New to the city is the concept of the People Plaza, a temporary public space that transforms previously underused street space into small new open spaces. With the help of the Chicago Loop Alliance, CDOT opened its first new plaza early in June at the intersection of State and Lake Streets downtown. This “Gateway” in the mediansports colorful flowerboxes, furniture, and banners. Similar improvements are planned for locations in Old Town and Woodlawn this summer.
Finally, a People Street is planned for Pilsen, after a successful experiment last year near DePaul University. CDOT will shut down traffic on a portion of a street there to allow shoppers to walk freely and congregate outside during the good weather.
In sum, the new space for pedestrians will only intrude minimally into the space currently devoted to cars, but also significantly expand room for people who want to sit and enjoy the urban street, all while boosting the bottom line for local businesses. In San Francisco, shops and restaurants near parklets have seen revenues increase by 35 to 40 percent.
Two years of inspiration in Andersonville
Brian Bonanno, sustainability programs coordinator for the Andersonville Development Corporation, had been working with CDOT since August 2011 to implement the People Spots program. With the help of a local landscaping company, Bonanno coordinated a popup park one summer day in 2011. “We had a lot of people come out and enjoy it,” he said – and so he wanted to develop something more permanent.
The Development Corporation sponsored a spot at 5228 N. Clark St. last year, in the heart of the Andersonville business district. The spot was maintained by Bonanno and the neighbors. Businesses “saw what the People Spot could bring to their location in terms of attracting foot traffic, in terms of creating a space for people to hang out,” Bonanno said.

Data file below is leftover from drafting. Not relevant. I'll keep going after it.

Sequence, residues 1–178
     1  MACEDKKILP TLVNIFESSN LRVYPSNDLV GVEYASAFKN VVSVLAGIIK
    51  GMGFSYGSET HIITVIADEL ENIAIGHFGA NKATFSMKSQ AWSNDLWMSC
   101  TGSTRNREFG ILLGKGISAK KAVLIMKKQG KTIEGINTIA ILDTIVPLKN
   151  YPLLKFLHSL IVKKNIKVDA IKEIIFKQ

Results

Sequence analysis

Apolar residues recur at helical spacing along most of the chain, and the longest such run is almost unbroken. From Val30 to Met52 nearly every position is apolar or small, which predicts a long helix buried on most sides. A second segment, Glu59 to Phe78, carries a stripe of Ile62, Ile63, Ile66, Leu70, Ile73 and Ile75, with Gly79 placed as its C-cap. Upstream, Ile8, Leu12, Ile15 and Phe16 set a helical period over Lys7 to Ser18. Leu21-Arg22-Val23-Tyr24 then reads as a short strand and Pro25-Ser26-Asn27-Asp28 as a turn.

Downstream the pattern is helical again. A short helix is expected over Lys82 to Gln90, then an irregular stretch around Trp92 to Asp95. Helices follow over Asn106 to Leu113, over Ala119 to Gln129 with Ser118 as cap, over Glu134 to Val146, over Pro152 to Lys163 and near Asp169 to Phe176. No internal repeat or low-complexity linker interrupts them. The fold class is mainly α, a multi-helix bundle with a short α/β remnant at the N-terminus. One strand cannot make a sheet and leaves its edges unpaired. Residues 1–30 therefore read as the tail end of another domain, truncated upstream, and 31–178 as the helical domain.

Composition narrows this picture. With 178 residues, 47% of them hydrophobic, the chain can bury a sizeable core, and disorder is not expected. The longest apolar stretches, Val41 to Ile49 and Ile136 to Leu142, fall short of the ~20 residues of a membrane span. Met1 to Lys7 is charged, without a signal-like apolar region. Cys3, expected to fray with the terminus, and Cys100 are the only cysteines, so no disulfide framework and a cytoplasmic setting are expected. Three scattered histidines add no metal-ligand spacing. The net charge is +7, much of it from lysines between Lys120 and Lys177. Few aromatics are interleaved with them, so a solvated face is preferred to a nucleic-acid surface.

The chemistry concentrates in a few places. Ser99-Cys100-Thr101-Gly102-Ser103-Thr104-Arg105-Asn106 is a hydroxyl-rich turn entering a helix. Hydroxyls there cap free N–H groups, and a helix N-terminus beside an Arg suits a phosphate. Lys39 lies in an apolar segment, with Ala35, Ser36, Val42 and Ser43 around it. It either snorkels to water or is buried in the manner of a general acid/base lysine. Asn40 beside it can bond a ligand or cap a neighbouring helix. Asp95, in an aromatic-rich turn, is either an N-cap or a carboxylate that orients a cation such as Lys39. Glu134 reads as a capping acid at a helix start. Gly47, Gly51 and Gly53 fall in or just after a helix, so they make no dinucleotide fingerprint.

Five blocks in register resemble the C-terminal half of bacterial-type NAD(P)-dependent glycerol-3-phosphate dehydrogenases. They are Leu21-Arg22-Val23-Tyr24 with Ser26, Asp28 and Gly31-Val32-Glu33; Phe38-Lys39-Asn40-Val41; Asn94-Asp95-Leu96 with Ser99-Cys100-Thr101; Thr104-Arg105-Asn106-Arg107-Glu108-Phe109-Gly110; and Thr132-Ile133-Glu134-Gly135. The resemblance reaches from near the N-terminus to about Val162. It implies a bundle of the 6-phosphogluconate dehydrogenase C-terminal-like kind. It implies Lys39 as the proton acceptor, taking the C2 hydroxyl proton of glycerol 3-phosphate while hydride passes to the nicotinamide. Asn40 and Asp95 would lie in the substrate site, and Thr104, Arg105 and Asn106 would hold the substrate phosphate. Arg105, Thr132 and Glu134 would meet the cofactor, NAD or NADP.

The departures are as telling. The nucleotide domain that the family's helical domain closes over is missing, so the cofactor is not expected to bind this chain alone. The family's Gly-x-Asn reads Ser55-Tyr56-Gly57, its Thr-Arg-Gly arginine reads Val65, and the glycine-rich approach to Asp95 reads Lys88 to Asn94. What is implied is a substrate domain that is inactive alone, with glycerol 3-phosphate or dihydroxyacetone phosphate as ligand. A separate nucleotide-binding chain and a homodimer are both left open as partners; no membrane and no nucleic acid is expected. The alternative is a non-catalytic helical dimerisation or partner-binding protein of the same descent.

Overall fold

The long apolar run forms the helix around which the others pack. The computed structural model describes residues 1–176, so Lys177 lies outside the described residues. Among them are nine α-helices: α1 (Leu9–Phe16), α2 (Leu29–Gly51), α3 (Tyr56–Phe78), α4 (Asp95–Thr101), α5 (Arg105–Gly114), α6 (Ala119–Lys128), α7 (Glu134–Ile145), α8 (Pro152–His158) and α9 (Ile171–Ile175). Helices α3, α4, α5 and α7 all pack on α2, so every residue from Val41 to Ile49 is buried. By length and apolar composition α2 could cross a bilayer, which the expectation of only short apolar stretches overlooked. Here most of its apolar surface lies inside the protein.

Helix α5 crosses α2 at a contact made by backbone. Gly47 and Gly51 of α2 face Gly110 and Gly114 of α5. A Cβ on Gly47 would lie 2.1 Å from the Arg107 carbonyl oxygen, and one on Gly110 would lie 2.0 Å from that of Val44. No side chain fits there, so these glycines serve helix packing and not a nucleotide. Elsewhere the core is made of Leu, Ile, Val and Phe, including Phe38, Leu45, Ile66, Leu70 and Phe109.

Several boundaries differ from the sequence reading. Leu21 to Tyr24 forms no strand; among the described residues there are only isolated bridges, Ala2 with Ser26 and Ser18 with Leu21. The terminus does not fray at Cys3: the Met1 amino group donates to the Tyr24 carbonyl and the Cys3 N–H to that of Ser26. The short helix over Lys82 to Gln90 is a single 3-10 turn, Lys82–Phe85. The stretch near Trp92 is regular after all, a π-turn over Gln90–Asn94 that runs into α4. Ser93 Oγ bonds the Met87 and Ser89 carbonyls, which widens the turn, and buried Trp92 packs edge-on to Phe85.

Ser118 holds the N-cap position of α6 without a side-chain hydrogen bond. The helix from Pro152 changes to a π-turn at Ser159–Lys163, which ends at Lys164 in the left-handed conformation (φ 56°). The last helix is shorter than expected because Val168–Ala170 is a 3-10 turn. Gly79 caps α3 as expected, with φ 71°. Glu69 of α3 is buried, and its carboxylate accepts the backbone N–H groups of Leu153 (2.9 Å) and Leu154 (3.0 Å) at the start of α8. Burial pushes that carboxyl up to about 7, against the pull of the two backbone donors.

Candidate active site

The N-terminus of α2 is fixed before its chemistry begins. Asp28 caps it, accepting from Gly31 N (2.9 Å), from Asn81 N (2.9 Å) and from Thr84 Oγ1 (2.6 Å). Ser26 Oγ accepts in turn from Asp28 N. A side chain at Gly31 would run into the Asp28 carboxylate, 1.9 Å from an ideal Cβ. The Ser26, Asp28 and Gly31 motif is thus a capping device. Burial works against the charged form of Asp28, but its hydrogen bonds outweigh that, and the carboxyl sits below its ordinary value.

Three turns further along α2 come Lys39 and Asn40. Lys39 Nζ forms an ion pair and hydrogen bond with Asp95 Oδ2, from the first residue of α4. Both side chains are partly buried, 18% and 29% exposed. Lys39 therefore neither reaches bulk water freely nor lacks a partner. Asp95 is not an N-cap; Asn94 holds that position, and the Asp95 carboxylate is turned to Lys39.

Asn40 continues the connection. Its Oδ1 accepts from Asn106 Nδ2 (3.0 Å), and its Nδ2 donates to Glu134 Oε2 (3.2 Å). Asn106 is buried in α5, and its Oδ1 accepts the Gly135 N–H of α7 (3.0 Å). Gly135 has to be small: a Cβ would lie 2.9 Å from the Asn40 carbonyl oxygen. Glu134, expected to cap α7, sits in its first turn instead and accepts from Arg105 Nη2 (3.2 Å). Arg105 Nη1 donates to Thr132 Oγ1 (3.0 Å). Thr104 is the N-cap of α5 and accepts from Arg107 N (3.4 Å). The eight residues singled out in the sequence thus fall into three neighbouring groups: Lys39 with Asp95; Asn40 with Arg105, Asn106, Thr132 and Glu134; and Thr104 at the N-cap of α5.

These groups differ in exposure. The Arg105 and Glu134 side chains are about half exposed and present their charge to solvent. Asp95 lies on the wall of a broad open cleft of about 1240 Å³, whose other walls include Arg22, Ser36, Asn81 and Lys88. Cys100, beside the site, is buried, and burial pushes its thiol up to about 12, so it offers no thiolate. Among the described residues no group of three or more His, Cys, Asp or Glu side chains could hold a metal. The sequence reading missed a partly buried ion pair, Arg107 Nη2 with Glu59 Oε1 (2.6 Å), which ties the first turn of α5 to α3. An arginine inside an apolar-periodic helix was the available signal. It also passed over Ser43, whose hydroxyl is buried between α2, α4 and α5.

This year, a second spot, expected to cost about $13,000, will open at 5624 N. Clark, a bit north of the traditional business community. “Part of the reason we want to put this space up there,” he said, “is that we wanted to make that part of the neighborhood just as pedestrian-friendly and inviting” as the part farther south.
Though Bonanno did not record any significant increase in traffic last year around the first location, he thinks the second location, in an area with limited street seating, could attract more pedestrians and shoppers to North Clark Street. He will be monitoring the project’s success over the course of the summer.
Chicago’s plans are an exciting improvement for pedestrians who, in many parts of the city, account for most of the traffic on the street but are only provided a small portion of it to get around.